This section introduces the onmousemove event, which fires repeatedly whenever the user moves the mouse over the web page. We also discuss the event object and the keyword this, which permit more advanced event-handling capabilities. Figure 11.3 uses onmousemove and this to create a simple drawing program that allows the user to draw inside a box in red or blue by holding down the Shift or Ctrl keys.

   1   <?xml version = "1.0" encoding = "utf-8"?>
   2   <!DOCTYPE html PUBLIC "-//W3C//DTD XHTML 1.0 Strict//EN"
   3      "http://www.w3.org/TR/xhtml1/DTD/xhtml1-strict.dtd">
   5   <!-- Fig. 11.3: draw.html -->
   6   <!-- A simple drawing program. -->
   7   <html xmlns = "http://www.w3.org/1999/xhtml">
   8      <head>
   9         <title>Simple Drawing Program</title>
  10         <style type = "text/css">
  11            #canvas { width: 400px;
  12                      border: 1px solid #999999;
  13                      border-collapse: collapse }
  14            td      { width: 4px;
  15                      height: 4px }
  16            th.key  { font-family: arial, helvetica, sans-serif;
  17                      font-size: 12px;
  18                      border-bottom: 1px solid #999999 }
  19         </style>
  20         <script type = "text/javascript">
  21            <!--
  22            //initialization function to insert cells into the table
  23            function createCanvas ()
  24            {
  25               var side = 100;
  26               var tbody = document.getElementById( "tablebody" );
  28               for ( var i = 0; i < side; i++ )
  29               {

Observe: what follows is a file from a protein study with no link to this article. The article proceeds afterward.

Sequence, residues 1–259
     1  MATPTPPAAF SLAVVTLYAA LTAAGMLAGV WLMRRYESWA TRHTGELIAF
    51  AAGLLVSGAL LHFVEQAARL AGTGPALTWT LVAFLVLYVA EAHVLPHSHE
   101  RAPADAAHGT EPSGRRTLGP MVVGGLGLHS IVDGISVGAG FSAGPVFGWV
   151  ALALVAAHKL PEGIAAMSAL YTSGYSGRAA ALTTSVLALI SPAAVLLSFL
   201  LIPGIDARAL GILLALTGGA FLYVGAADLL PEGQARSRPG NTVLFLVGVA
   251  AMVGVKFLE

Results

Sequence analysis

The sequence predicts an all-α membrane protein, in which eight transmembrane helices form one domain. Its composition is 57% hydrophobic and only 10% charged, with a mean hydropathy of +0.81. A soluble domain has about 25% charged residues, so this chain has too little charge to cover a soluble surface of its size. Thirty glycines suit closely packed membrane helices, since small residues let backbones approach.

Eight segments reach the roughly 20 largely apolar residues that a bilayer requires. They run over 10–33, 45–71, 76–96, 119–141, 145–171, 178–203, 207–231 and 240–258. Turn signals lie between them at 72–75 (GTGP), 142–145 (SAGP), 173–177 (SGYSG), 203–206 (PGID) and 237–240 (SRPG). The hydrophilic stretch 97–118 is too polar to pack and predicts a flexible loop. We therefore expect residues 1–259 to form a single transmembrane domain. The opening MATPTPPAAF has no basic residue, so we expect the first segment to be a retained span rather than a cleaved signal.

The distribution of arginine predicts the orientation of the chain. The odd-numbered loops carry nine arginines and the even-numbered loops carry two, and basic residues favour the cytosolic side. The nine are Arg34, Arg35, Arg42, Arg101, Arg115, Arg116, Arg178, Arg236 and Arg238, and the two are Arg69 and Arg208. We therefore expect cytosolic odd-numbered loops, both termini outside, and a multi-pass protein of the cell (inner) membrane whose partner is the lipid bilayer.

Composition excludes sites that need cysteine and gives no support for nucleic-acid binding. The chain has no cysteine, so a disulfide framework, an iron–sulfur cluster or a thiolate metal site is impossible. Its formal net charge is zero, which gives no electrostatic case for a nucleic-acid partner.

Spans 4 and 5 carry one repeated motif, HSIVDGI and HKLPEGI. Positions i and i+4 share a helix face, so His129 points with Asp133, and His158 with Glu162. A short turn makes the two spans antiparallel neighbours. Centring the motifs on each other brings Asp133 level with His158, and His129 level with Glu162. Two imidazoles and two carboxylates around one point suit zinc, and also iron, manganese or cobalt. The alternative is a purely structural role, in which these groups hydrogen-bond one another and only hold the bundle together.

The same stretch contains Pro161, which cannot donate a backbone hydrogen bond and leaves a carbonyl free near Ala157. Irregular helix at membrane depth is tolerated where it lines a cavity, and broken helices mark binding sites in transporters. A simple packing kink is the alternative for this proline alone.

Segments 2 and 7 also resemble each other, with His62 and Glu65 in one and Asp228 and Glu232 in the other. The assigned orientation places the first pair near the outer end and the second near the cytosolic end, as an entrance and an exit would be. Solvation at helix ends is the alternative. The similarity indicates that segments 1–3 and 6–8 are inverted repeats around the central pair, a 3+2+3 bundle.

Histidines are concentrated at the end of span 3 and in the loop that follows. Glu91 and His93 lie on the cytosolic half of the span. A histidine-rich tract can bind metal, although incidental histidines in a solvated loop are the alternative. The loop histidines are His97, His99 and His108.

30                  var row = document.createElement( "tr" );
  32                  for ( var j = 0; j < side; j++ )
  33                  {
  34                     var cell = document.createElement( "td" );
  35                     cell.onmousemove = processMouseMove;
  36                     row.appendChild( cell );
  37                  } // end for
  39                  tbody.appendChild( row );
  40               } // end for
  41            } // end function createCanvas
  43            // processes the onmousemove event
  44            function processMouseMove( e )
  45            {
  46               // get the event object from IE
  47               if ( !e )
  48                  var e = window.event;
  50               // turn the cell blue if the Ctrl key is pressed
  51               if ( e.ctrlKey )
  52                  this.style.backgroundColor = "blue";
  54               // turn the cell red if the Shift key is pressed
  55               if ( e.shiftKey )
  56                  this.style.backgroundColor = "red";
  57            } // end function processMouseMove
  58            // -->
  59         </script>
  60      </head>
  61      <body onload = "createCanvas()">
  62         <table id = "canvas" class = "canvas"><tbody id = "tablebody">
  63         <tr><th class = "key" colspan = "100">Hold <tt>ctrl</tt>
  64            to draw blue. Hold  <tt>shift</tt> to draw red.</th></tr>
  65         </tbody></table>
  66      </body>
  67   </html>

Simple drawing program

Click here for larger image

Click here for larger image

Click here for larger image

The XHTML body has a table with a tbody containing one row that gives the user instructions on how to use the program. The body’s onload attribute (line 61) calls function createCanvas, which initializes the program by filling in the table.

The createCanvas function (lines 23–41) fills in the table with a grid of cells. The CSS rule in lines 14–15 sets the width and height of every td element to 4px. Line 11 dictates that the table is 400px wide. Line 13 uses the border-collapse CSS property to eliminate space between the table cells.

Line 25 defines variable side, which determines the number of cells in each row and the number of rows created by the nested for statements in lines 28–40. We set side to 100 in order to fill the table with 10,000 4px cells. Line 26 stores the tbody element so that we can append rows to it as they are generated.